Saturday, September 4, 2010








Pope Benedict XVI has appointed Nuncio in Jordan and Iraq Rev. Mons. Giorgio Language, so far, Nunciature Advisor elevated at the same time to the Archbishopric of Tuscania, with dignity of Archbishop.
Rev. Mons. Giorgio Language was born in Fossano (Cuneo) on 23 March 1960.
He was ordained on 10 November 1984 and was incardinated in Fossano. Has a degree in Canon law. He entered the diplomatic service of the Holy see on 1 July 1992, has lent his work later in papal delegations in Ivory Coast and in the United States of America, in the section for relations with States of the Secretariat of State, in the Nunciatures in Italy and Serbia. He knows French, Spanish and English.


Pope Benedict XVI received in audience this morning in the Apostolic Palace of Castel Gandolfo:
Etc. I bishops of the Episcopal Conference of Brazil (Nordeste Region III), on their "Ad Limina" visit:
Mons. Mário Rino Sivieri, Bishop of Propriá;
Mons. Luís Gonzaga Silva Pepeu, o.f.m., Archbishop of Vitória da Conquista;
Mons. José Valmor César Teixeira, s.d.b., Bishop of Bom Jesus da Lapa;
Mons. Armando Bucciol, Bishop of Livramento de Nossa Senhora;
Mr. Kagefumi Ueno, Ambassador of Japan, visiting of leave; H.E. Mr. Francis Kim Ji-Young, Ambassador to Korea, visiting of leave; h.e. Mr János Balassa, Ambassador of Hungary, visiting of leave.
The Pope receives in audience this morning:
Mons. Archbishop Celestino Migliore, tit. of Canosa, Apostolic Nuncio in Poland


CNS report -- Actor and director Emilio Estevez reluctantly went to Spain to tell a story about how faith, hope and walking are all part of the American way of overcoming hard times.
The movie has "no nudity. There are no explosions. There are no car chases," said Estevez. "It's about people. It's about this community of broken souls. And there's a ton of humor in it."

Estevez told The Catholic Register, a Canadian weekly, that his new film "The Way" is about American spirituality. The story follows four characters walking the Camino de Santiago de Compostela, or the Way of St. James, through Spain.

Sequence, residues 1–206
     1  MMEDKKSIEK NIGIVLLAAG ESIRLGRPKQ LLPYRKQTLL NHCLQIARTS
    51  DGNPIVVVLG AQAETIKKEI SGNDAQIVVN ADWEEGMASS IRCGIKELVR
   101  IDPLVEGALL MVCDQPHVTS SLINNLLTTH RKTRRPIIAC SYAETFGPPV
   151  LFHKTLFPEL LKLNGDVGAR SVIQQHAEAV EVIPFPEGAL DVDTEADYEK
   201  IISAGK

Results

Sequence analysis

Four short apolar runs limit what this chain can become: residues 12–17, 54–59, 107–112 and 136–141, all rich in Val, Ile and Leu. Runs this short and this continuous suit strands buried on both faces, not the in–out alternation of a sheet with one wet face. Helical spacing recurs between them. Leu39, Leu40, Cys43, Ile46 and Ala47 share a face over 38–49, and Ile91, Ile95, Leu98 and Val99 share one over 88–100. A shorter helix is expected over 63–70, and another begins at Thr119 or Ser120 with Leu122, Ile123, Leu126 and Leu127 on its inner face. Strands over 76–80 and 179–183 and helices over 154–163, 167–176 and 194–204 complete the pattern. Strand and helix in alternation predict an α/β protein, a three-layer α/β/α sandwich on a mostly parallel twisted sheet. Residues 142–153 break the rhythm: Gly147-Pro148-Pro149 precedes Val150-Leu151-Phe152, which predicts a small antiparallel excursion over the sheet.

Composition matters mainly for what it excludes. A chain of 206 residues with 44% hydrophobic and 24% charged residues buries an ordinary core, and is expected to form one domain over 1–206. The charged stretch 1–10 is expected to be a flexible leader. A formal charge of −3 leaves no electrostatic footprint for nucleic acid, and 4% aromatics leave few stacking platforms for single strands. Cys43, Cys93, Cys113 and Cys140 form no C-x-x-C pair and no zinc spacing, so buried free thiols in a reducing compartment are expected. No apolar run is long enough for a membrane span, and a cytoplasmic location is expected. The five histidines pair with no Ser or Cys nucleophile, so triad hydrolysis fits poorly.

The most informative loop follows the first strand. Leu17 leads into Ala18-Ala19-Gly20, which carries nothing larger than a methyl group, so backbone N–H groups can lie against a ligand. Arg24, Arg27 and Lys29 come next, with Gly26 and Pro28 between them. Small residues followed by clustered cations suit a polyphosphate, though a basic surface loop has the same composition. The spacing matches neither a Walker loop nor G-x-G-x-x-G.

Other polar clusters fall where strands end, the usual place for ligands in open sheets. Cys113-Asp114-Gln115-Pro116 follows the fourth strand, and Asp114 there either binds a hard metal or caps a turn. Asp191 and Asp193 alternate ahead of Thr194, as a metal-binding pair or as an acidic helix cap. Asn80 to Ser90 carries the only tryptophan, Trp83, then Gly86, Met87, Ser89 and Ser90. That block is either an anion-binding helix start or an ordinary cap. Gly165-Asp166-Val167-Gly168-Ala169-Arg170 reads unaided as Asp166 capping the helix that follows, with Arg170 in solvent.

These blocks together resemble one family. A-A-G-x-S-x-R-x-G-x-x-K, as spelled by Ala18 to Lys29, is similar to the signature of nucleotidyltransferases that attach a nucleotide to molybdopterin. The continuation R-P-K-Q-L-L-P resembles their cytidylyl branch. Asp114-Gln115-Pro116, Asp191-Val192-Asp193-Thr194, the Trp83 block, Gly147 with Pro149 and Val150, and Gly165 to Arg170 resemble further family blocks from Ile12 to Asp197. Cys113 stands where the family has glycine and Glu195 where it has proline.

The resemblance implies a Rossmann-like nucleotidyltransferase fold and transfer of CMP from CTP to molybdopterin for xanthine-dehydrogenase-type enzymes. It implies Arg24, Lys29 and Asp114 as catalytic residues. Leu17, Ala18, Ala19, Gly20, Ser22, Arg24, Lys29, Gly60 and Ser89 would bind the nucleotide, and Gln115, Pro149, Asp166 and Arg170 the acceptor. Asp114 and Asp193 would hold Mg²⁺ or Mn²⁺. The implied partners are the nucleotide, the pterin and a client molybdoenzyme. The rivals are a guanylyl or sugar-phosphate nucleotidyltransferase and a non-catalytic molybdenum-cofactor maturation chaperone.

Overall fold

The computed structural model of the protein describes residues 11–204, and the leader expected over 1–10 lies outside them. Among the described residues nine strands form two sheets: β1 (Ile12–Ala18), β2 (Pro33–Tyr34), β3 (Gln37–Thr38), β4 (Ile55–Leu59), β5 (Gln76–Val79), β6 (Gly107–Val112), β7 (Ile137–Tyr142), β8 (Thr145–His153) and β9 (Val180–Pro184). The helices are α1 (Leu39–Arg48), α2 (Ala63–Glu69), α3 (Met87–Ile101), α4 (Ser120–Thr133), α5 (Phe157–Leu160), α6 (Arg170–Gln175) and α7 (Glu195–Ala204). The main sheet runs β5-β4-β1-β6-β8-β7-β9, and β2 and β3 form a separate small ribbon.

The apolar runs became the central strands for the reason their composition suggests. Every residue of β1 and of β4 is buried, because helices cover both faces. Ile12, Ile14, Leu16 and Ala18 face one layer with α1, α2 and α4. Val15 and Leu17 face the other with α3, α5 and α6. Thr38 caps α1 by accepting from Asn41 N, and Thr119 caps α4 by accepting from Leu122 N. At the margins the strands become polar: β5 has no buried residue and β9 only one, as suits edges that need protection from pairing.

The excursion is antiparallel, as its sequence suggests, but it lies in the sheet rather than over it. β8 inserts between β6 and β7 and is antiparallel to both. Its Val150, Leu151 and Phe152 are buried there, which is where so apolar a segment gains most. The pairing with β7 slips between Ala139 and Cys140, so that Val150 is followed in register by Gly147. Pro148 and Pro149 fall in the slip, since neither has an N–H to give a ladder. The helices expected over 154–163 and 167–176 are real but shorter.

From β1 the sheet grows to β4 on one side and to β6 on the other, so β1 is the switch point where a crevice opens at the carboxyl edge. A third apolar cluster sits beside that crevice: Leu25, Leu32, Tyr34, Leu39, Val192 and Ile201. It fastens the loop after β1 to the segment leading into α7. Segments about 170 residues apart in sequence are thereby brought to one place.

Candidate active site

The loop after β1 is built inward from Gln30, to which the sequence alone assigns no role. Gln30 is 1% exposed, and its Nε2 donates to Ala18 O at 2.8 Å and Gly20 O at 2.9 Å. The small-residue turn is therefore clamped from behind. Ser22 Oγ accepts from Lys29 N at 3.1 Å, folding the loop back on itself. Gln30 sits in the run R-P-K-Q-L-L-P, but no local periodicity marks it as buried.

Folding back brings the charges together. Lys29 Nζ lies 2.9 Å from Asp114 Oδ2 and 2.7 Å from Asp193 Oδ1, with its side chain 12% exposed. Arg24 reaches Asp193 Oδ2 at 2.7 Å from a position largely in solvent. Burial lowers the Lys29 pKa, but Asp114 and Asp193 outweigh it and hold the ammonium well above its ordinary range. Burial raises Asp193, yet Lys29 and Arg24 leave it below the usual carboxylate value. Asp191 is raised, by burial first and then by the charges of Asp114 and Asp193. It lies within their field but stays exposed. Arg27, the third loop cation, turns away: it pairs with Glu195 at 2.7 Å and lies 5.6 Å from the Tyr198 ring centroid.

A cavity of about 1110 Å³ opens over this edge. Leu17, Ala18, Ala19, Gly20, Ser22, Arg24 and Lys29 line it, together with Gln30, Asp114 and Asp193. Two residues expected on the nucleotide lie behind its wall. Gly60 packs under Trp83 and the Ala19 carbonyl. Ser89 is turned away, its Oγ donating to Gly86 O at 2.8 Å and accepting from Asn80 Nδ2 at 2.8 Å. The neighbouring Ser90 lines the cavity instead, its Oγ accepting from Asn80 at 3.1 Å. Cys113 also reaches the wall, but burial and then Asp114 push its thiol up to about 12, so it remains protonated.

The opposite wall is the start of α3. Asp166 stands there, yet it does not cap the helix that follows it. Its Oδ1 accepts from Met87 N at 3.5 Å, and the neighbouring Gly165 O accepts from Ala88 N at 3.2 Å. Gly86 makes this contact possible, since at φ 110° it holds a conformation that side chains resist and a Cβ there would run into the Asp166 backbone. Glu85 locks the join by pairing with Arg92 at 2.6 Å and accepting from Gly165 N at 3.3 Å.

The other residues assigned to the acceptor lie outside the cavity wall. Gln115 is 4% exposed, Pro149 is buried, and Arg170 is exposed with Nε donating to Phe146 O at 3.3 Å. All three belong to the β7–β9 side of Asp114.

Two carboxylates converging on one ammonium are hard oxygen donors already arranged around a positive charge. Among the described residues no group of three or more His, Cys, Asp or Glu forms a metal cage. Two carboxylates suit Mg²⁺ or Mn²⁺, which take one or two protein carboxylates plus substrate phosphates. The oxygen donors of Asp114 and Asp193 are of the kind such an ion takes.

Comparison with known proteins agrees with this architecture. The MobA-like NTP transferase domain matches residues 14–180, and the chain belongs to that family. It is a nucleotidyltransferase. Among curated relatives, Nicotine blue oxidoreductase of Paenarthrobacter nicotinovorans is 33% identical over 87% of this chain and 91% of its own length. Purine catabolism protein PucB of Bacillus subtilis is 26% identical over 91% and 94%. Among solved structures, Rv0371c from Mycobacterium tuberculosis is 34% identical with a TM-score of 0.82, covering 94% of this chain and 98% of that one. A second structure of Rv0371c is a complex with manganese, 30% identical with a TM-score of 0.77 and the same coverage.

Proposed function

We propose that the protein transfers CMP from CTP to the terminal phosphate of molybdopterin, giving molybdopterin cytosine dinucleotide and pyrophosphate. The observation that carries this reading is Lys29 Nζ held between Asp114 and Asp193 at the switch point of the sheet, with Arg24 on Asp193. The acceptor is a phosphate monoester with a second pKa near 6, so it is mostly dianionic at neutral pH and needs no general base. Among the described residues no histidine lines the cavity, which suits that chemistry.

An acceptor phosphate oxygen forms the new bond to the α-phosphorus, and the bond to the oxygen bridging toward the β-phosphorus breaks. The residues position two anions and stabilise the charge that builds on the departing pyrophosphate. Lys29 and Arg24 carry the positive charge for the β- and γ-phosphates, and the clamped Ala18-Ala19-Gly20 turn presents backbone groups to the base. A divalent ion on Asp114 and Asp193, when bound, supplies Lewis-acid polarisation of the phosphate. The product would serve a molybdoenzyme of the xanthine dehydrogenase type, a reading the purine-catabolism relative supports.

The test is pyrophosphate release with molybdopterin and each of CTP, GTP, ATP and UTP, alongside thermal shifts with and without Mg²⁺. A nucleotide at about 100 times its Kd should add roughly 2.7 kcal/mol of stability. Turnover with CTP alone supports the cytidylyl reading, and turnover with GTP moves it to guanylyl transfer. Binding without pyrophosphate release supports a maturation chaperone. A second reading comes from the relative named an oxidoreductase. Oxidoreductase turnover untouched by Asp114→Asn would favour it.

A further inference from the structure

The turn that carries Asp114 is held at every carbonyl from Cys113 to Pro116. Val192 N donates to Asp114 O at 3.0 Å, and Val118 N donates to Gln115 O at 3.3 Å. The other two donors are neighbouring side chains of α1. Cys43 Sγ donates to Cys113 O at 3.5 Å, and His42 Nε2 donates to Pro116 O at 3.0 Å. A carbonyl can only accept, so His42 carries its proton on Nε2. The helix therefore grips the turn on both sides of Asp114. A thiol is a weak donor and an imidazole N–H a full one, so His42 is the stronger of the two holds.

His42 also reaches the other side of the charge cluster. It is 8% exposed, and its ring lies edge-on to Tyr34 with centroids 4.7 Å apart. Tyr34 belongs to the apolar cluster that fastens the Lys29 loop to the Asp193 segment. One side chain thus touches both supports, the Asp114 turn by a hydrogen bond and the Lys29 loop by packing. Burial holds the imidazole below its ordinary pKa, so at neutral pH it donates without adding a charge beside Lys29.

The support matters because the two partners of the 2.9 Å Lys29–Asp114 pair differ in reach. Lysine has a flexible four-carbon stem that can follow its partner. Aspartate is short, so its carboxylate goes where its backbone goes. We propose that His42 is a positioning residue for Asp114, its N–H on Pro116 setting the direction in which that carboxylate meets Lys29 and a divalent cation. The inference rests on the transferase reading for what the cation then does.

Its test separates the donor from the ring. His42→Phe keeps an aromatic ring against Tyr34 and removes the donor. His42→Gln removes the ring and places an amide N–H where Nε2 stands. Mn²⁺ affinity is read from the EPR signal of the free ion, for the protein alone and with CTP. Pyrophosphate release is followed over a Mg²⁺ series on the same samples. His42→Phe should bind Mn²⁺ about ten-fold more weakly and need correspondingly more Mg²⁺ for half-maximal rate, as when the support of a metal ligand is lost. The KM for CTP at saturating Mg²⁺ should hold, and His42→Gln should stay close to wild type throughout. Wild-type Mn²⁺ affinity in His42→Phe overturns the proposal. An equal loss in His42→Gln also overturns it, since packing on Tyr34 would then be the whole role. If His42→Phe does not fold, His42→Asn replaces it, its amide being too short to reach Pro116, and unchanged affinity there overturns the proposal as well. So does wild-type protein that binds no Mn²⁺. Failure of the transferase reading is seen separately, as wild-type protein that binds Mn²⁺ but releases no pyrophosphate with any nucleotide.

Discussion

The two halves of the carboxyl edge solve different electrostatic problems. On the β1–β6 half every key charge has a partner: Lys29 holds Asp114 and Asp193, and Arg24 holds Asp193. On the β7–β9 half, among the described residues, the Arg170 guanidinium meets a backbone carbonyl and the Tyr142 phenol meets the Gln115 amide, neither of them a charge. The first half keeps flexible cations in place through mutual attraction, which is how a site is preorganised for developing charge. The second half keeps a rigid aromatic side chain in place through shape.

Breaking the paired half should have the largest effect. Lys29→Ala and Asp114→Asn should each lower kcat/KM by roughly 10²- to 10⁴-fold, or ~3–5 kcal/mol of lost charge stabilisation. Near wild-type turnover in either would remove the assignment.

"Americans are searching for something. The Camino serves as the ultimate metaphor for life," said Estevez. The movie premieres Sept. 10 at the Toronto International Film Festival, where Estevez will be seeking a North American distribution deal. The film is to be distributed outside North America by Icon Productions.
It was Estevez's father, Martin Sheen, who first proposed making a film about the Camino seven years ago. During a break in filming "The West Wing," Sheen had attended a family reunion in Ireland, then headed for Spain to walk the Camino. But Sheen had to be back in the United States and did not have the six to eight weeks it takes to walk the pilgrim's path to the cathedral in Santiago de Compostela, where the remains of St. James the Greater can be found.
Sheen, his grandson and a family friend did most of the route by Mercedes, but walked part of the way.
The veteran film actor came back and insisted his son had to make a movie about the Camino. At first, Estevez said no.
"It's the old dilemma," said Estevez. "You can't say no to your father."
What started as a brief outline became 40 or 50 pages of script and led to Estevez reading as many books as possible about the Camino. Journalist Jack Hitt's book "Off the Road: A Modern-Day Walk Down the Pilgrim's Route Into Spain," captured Estevez's imagination and helped give shape to the story. By this time, Estevez had a full-fledged project he had never wanted to do.